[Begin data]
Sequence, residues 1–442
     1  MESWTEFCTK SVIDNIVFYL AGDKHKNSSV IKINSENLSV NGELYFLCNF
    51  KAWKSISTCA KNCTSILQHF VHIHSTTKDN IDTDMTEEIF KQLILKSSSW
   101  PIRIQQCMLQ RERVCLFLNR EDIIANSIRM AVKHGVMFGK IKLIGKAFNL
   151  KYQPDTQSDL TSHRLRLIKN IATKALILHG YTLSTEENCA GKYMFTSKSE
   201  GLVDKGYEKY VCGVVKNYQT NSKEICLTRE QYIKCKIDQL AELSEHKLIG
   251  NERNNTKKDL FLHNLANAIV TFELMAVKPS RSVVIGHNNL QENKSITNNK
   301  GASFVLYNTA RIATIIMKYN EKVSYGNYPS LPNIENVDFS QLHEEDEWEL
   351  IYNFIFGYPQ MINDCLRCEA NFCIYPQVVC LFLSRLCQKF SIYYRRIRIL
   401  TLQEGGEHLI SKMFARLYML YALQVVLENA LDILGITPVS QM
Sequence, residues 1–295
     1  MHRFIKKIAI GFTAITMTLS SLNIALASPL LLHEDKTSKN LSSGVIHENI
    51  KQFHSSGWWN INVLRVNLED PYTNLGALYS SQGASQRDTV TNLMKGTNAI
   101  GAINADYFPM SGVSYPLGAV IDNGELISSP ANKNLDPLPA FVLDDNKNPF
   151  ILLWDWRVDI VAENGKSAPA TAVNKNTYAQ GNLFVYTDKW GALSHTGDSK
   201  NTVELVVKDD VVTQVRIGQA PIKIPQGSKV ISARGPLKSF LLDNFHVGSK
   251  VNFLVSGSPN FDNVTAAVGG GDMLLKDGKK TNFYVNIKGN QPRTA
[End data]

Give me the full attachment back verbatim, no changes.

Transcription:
Sequence, residues 1–442
     1  MESWTEFCTK SVIDNIVFYL AGDKHKNSSV IKINSENLSV NGELYFLCNF
    51  KAWKSISTCA KNCTSILQHF VHIHSTTKDN IDTDMTEEIF KQLILKSSSW
   101  PIRIQQCMLQ RERVCLFLNR EDIIANSIRM AVKHGVMFGK IKLIGKAFNL
   151  KYQPDTQSDL TSHRLRLIKN IATKALILHG YTLSTEENCA GKYMFTSKSE
   201  GLVDKGYEKY VCGVVKNYQT NSKEICLTRE QYIKCKIDQL AELSEHKLIG
   251  NERNNTKKDL FLHNLANAIV TFELMAVKPS RSVVIGHNNL QENKSITNNK
   301  GASFVLYNTA RIATIIMKYN EKVSYGNYPS LPNIENVDFS QLHEEDEWEL
   351  IYNFIFGYPQ MINDCLRCEA NFCIYPQVVC LFLSRLCQKF SIYYRRIRIL
   401  TLQEGGEHLI SKMFARLYML YALQVVLENA LDILGITPVS QM
Sequence, residues 1–295
     1  MHRFIKKIAI GFTAITMTLS SLNIALASPL LLHEDKTSKN LSSGVIHENI
    51  KQFHSSGWWN INVLRVNLED PYTNLGALYS SQGASQRDTV TNLMKGTNAI
   101  GAINADYFPM SGVSYPLGAV IDNGELISSP ANKNLDPLPA FVLDDNKNPF
   151  ILLWDWRVDI VAENGKSAPA TAVNKNTYAQ GNLFVYTDKW GALSHTGDSK
   201  NTVELVVKDD VVTQVRIGQA PIKIPQGSKV ISARGPLKSF LLDNFHVGSK
   251  VNFLVSGSPN FDNVTAAVGG GDMLLKDGKK TNFYVNIKGN QPRTA